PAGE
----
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Publication numberUS7813176 B2
Publication typeGrant
Application numberUS 12/132,510
Publication dateOct 12, 2010
Filing dateJun 3, 2008
Priority dateOct 4, 2007
Fee statusPaid
Also published asCA2629752A1, CA2629752C, US20090091977, WO2009045113A1
Publication number12132510, 132510, US 7813176 B2, US 7813176B2, US-B2-7813176, US7813176 B2, US7813176B2
InventorsStephen Gregory Hunt
Original AssigneeArc Innovations Limited
Export CitationBiBTeX, EndNote, RefMan
External Links: USPTO, USPTO Assignment, Espacenet
Method and system for updating a stored data value in a non-volatile memory
US 7813176 B2
Abstract
The invention provides a method of updating a stored data value in a non-volatile memory. The method includes reading the stored data value from the non-volatile memory; reading a stored differential value from a volatile memory; receiving an updated data value; calculating a calculated differential value from the difference between the updated data value and the sum of the stored data value and the stored differential value; comparing the calculated differential value with a threshold differential value; and writing the updated data value to the non-volatile memory if the calculated differential value exceeds the threshold differential value. The invention further provides a related memory system.
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Claims(6)
1. A method of updating a stored data value in a non-volatile memory, the method comprising:
reading the stored data value from the non-volatile memory;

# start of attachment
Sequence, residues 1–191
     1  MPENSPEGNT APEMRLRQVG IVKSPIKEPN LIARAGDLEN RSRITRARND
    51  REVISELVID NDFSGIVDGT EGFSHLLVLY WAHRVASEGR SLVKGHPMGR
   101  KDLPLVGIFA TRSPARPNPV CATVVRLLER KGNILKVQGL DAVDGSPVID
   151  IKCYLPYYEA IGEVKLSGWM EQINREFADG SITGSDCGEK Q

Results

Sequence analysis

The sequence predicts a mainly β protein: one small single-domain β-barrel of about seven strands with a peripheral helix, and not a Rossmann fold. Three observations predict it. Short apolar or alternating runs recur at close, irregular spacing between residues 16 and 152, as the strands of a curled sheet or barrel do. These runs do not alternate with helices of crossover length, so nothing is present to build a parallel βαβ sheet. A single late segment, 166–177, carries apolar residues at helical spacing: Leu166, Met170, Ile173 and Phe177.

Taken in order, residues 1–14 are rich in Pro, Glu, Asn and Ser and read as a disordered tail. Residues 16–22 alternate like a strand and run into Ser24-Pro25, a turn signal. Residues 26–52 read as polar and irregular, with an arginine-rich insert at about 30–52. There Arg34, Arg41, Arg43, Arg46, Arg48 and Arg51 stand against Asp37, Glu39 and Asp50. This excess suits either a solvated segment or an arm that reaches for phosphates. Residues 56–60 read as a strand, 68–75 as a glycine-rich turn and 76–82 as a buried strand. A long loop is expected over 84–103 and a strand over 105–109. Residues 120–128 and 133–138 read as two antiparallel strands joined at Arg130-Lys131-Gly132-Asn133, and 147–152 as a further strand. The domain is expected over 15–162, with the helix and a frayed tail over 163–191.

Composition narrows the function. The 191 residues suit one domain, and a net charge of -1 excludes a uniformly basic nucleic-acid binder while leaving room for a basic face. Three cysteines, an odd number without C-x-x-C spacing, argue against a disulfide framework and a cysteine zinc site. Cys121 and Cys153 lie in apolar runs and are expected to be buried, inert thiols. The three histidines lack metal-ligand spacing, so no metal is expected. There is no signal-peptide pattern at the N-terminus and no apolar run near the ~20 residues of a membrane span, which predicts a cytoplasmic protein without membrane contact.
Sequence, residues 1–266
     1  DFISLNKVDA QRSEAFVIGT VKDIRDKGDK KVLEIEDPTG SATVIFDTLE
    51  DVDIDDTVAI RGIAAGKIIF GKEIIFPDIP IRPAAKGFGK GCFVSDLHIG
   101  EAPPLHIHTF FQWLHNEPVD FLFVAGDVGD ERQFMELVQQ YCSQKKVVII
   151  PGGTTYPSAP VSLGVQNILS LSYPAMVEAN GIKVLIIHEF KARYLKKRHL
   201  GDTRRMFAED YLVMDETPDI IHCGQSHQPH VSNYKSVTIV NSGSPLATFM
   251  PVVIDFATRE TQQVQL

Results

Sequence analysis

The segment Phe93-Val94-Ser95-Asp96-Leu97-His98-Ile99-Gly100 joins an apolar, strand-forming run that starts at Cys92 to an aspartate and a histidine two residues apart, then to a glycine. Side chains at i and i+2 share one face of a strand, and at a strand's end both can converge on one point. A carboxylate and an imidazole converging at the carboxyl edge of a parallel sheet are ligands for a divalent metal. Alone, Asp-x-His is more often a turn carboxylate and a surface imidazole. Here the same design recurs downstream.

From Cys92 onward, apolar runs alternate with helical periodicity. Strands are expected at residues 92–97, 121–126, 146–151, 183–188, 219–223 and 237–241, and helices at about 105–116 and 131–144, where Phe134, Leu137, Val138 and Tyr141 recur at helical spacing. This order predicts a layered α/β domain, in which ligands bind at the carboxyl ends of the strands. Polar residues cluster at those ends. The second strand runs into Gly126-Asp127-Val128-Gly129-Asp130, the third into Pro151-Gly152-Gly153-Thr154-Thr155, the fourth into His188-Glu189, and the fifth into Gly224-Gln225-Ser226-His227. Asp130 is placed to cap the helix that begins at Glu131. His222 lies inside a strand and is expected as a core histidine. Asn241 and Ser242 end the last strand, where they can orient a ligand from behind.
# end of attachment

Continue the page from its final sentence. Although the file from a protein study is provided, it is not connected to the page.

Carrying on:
reading a stored differential value from a volatile memory;
receiving an updated data value;
calculating a calculated differential value from the difference between the updated data value and the sum of the stored data value and the stored differential value;
comparing the calculated differential value with a threshold differential value; and
writing the updated data value to the non-volatile memory if the calculated differential value exceeds the threshold differential value.
2. The method of claim 1 further comprising writing the calculated differential value to volatile memory if the calculated differential value is less than the threshold differential value.
3. The method of claim 2 further comprising:
reading one or more previously calculated differential values from the volatile memory prior to power interruption to the volatile memory; and
writing the previously calculated differential values to the non-volatile memory.
4. The method of claim 2 further comprising:
reading one or more previously calculated differential values from the volatile memory prior to power interruption to the volatile memory; and
writing the previously calculated differential values to a further non-volatile memory.